TORONTO, SEPT. 29 -- Canadian officials expressed guarded optimism tonight about the progress of trade talks with the United States but indicated that they want further negotiations to continue between cabinet-level officials of both countries.

Prime Minister Brian Mulroney and his 15-member inner cabinet met behind closed doors for most of the day and into the evening to consider new proposals offered to them Monday in meetings in Washington with Treasury Secretary James A. Baker III and U.S. Trade Representative Clayton K. Yeutter.

"The government believes there was movement in the talks {Monday} to warrant further political consultations," Canadian Trade Minister Pat Carney said in a statement in Ottawa this evening. "There will be ongoing communication on this issue."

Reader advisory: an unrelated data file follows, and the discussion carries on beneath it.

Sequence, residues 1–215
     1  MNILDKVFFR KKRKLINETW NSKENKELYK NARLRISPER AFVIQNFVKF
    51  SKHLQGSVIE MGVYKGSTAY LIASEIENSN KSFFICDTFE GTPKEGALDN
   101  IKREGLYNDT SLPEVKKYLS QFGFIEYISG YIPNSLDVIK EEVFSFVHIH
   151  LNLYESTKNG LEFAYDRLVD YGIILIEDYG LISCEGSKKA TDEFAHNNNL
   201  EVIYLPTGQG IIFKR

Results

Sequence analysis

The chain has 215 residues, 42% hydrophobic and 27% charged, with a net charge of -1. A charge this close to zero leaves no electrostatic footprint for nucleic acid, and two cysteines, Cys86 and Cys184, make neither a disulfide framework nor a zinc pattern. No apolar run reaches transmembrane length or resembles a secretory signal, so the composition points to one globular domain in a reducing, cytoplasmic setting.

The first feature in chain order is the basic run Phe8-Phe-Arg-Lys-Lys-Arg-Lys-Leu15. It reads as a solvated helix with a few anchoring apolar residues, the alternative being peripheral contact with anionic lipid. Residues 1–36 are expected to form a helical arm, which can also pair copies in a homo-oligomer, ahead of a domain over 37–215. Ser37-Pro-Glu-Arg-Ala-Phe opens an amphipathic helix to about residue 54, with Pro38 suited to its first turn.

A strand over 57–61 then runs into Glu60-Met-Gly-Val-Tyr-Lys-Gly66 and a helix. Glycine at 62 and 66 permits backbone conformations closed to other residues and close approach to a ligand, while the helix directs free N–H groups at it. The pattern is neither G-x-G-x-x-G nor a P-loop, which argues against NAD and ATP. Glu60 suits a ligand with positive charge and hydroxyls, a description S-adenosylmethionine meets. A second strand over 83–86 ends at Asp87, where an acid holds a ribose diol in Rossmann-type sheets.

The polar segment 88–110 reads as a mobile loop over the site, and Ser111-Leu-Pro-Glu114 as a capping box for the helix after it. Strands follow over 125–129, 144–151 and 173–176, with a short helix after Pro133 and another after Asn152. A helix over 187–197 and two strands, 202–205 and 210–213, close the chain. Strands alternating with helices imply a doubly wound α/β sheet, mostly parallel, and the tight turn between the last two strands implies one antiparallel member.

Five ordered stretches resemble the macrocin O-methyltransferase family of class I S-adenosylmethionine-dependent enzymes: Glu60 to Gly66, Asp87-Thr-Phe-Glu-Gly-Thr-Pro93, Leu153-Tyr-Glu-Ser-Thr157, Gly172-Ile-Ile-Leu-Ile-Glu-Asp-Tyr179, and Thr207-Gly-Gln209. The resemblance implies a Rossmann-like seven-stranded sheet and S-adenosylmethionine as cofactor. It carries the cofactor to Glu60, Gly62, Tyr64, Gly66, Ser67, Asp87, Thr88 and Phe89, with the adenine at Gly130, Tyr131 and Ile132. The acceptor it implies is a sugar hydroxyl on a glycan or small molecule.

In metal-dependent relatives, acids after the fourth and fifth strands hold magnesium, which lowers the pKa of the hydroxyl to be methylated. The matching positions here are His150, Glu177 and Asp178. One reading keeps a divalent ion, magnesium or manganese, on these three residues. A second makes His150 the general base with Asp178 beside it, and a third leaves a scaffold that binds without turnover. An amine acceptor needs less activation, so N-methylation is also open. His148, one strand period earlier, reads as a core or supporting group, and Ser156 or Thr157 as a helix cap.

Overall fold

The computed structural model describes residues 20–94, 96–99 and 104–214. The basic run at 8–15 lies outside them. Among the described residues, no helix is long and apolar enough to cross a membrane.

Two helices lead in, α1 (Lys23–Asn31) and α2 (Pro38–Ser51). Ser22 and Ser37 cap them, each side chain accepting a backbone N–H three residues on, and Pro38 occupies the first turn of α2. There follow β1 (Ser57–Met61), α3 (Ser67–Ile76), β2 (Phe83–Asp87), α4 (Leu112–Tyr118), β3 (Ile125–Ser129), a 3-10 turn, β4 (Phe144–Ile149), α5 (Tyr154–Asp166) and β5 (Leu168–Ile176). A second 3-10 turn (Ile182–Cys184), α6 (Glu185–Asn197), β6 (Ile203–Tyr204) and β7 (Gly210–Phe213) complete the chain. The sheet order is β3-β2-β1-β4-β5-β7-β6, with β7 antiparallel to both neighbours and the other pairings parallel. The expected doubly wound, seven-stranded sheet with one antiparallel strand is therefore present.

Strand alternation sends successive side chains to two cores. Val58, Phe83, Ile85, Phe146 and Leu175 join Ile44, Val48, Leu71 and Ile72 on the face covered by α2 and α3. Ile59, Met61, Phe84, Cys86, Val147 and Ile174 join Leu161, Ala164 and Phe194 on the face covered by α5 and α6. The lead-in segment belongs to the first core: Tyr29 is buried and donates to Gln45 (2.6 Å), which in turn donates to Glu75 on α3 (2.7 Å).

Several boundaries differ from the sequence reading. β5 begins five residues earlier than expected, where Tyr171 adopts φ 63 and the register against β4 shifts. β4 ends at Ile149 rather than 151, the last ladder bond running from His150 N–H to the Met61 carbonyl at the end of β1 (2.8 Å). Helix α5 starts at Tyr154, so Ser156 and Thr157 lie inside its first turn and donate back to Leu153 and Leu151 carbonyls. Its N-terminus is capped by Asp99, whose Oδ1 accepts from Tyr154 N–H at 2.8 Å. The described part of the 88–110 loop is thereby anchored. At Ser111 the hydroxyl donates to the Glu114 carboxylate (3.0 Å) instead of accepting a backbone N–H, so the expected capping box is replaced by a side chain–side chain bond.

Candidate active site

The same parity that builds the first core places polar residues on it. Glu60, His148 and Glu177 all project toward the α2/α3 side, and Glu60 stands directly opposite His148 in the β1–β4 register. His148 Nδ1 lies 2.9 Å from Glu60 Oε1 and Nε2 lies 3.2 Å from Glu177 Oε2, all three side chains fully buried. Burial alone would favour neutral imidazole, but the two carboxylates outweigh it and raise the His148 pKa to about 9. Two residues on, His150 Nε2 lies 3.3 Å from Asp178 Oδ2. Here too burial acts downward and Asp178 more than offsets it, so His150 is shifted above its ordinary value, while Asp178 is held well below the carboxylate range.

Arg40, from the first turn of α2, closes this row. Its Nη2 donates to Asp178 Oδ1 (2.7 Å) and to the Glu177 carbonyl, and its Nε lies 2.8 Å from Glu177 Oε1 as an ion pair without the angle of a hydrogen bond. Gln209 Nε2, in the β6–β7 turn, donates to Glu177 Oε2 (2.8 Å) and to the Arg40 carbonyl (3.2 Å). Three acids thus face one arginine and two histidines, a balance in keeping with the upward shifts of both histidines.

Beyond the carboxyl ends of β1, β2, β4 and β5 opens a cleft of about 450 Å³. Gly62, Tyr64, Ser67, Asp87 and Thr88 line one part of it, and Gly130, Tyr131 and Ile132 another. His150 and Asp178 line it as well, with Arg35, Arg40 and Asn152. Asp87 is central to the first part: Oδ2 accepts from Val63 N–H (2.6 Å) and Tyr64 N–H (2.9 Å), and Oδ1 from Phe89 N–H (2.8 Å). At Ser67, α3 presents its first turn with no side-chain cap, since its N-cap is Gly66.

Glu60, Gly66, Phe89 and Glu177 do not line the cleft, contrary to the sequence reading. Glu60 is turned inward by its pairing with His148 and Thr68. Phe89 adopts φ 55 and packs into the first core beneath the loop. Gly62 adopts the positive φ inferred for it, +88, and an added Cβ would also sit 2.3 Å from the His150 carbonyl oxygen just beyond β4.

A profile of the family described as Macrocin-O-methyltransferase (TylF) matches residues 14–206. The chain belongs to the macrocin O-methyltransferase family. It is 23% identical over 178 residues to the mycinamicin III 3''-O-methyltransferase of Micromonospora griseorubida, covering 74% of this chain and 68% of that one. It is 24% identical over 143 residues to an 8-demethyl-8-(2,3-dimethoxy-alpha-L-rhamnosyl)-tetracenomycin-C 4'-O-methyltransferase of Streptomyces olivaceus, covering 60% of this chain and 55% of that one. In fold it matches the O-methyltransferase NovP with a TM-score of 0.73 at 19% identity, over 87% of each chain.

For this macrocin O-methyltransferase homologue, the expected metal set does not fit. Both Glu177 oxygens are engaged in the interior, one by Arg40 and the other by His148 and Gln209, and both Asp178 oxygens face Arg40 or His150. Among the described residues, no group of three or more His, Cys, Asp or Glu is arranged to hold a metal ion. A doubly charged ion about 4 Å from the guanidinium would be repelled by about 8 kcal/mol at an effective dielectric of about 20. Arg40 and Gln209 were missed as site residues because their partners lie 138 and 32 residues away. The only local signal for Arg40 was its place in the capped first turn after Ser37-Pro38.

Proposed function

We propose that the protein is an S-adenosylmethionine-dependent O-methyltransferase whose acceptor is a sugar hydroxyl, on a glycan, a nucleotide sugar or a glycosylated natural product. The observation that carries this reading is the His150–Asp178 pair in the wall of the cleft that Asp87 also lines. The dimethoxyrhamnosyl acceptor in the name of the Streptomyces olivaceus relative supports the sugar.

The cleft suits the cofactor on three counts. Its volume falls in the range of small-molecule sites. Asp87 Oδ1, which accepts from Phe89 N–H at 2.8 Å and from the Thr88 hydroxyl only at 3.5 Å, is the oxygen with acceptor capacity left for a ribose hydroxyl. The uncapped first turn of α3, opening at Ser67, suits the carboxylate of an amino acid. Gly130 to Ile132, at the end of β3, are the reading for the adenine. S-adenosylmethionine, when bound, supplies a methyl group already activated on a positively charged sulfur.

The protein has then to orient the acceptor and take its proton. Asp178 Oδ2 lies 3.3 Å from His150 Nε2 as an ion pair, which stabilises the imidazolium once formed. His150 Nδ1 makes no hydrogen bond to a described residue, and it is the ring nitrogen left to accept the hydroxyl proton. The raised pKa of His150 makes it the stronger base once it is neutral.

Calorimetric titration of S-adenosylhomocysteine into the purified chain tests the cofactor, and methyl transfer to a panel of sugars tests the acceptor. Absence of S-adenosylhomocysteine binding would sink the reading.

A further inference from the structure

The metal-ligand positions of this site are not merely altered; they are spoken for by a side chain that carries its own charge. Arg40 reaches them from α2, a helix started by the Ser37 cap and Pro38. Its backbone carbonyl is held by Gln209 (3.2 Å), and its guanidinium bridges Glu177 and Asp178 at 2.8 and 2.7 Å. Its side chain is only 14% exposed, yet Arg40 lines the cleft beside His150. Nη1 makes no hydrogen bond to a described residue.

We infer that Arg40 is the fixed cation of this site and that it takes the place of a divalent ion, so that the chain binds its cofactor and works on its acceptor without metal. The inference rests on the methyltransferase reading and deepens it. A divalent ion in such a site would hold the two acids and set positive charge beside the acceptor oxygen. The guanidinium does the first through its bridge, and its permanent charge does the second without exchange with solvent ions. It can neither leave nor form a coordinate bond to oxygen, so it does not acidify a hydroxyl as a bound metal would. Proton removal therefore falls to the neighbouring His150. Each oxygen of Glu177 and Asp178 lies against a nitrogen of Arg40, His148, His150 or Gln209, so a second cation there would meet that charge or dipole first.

Canada's chief trade negotiator, Simon Reisman, stalked out of formal bargaining talks in Washington last Wednesday, declaring that American obstinacy made it unlikely that any deal could be struck by the Oct. 4 deadline set by Congress.

Reisman returned to Ottawa where he has continued to express pessimism in press conferences and on television.

In the meantime, the bargaining moved to a higher level, with Baker and Yeutter becoming directly involved.

Carney, speaking for the Canadian cabinet tonight, indicated that government leaders here want the talks to continue at the higher level for the time being. They gave no indication whether or when Reisman and his U.S. counterpart, Peter Murphy, might sit down at the table again.

The leaders have long regarded Baker as pivotal to any successful deal.

Although senior Canadian officials deny that Reisman's walkout was a tactical ploy, they acknowledged their happiness that Baker is now involved and confess a certain chagrin at having to deal with Murphy, who is without political stature.